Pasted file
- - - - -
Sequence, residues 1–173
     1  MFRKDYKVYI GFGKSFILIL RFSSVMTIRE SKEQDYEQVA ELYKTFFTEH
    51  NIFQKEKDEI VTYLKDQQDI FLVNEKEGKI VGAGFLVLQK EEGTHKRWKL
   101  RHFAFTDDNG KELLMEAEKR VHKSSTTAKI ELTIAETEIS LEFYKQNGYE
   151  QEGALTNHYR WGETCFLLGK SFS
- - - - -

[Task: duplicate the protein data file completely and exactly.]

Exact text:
Sequence, residues 1–173
     1  MFRKDYKVYI GFGKSFILIL RFSSVMTIRE SKEQDYEQVA ELYKTFFTEH
    51  NIFQKEKDEI VTYLKDQQDI FLVNEKEGKI VGAGFLVLQK EEGTHKRWKL
   101  RHFAFTDDNG KELLMEAEKR VHKSSTTAKI ELTIAETEIS LEFYKQNGYE
   151  QEGALTNHYR WGETCFLLGK SFS